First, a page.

You can't put the genie back in the bottle: People want flexible work. But it's making the line between staff and self-employment increasingly blurry, and employers need to be able to answer this question: What are we offering that makes it worth someone giving up their independence?
News orgs still mostly have no clue what AI will do – but it'll save them, right?
This is probably not good for my career, but I have to say it: The AI conversation bores me. It's in the report so I'll entertain it: 74% of respondents say generative AI will help improve workflows and processes, 21% say it will bring more fundamental change to every role in the newsroom, and 2% call it overhyped. Only 3% bravely admit to not having the answer yet. (Hi, I see you.)
Some of the long-form answers gave me pause:
I hope it will make some things easier and more automatic...
Generative AI will help us produce better articles, identify audience needs and wants, replace some redundancies...
(Generative AI) can help to do some tasks more efficiently, to scale up content distribution and to assist journalists in some parts of their tasks...
None of these things require AI. They require editorial to respect product and engineering as equals. They require redesigning jobs that have barely changed since we built newspapers with scissors and paste. They require placing audience needs at the centre of all we do. This is the pivot to video all over again: We seem to think a tool is a strategy. I'm no Luddite, I've been editing my podcasts with AI for four years, but it's a means to an end. Drop AI on an inefficient workflow and a broken culture and you just have one more way to do the wrong things. Culture, then strategy, then tools. We're taking the problem from the wrong end once again.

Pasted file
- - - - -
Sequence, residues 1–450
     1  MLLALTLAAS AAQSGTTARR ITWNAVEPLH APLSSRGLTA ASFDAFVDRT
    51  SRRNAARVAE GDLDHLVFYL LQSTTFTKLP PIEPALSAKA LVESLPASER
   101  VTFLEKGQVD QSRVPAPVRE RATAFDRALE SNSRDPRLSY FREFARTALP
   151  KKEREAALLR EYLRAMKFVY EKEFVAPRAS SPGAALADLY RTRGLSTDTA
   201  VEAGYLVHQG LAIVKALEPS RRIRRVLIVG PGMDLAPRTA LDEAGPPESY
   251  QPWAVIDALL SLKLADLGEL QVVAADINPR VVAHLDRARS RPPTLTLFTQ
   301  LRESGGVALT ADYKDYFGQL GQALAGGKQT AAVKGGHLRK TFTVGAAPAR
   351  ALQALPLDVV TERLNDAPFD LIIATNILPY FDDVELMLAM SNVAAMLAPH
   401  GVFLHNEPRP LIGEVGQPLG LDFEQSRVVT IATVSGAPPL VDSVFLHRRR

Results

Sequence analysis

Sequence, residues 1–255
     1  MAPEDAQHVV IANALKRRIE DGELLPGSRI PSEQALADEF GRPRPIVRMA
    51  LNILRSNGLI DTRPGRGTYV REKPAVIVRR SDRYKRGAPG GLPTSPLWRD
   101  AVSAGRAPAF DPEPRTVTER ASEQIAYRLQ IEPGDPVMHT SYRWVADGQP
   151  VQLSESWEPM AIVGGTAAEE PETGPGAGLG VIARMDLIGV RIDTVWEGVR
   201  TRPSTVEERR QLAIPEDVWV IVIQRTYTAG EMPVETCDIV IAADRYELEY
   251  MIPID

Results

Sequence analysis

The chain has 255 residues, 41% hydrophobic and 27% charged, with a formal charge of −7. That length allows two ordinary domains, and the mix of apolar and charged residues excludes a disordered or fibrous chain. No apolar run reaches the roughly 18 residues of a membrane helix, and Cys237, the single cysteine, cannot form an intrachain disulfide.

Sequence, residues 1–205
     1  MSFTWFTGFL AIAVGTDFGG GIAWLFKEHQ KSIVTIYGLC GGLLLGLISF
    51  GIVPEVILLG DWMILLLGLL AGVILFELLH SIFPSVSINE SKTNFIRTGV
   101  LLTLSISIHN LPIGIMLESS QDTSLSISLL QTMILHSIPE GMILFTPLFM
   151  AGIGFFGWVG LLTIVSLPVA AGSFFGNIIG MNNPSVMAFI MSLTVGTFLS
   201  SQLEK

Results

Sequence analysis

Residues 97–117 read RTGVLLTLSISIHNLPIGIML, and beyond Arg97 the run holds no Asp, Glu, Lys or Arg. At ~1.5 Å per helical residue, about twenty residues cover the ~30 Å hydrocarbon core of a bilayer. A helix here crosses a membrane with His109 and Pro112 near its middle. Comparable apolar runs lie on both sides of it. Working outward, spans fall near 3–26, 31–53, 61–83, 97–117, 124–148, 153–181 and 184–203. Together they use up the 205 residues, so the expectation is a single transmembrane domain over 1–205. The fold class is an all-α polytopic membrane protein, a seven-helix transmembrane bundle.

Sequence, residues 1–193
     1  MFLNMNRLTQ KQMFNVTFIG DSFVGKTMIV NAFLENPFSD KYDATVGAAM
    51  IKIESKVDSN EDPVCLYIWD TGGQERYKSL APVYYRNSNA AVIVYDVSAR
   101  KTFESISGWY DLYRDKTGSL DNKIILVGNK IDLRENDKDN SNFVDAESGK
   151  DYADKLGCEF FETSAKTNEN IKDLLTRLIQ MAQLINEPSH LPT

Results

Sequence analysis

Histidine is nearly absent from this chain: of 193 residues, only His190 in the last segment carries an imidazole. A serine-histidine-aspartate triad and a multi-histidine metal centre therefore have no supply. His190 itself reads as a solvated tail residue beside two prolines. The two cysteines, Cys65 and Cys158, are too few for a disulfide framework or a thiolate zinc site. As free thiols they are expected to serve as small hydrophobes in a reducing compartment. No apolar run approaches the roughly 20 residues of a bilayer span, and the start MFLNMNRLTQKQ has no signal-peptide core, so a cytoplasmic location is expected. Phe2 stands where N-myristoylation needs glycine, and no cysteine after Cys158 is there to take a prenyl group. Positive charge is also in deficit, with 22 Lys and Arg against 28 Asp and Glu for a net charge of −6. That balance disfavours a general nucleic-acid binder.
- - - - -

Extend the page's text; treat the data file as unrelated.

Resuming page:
Are 90% of news orgs really doing well on gender diversity?
It's too late in the night and the topic is too important for me to comment at length on the third part of the research, on culture, diversity, inclusion and belonging. On these topics, I find the view of employees matter far more than any impressions from the top. But when 9 out 10 of these newsroom leaders think we're doing a good or quite good job on gender diversity, I'm calling it mass delusion. (And yet I acknowledge more than half the respondents are women and know what they're talking about.) My anecdotal evidence is only that, but senior women around me are dropping like flies out of the industry, exhausted by years of trying to change the culture and hitting walls. I don't see it. Do you?
You can find the full report, Changing Newsrooms 2023: Media leaders struggle to embrace diversity in full and remain cautious on AI disruption, authored by Federica Cherubini and Ramaa Sharma, here on the website of the Reuters Institute for the Study of Journalism.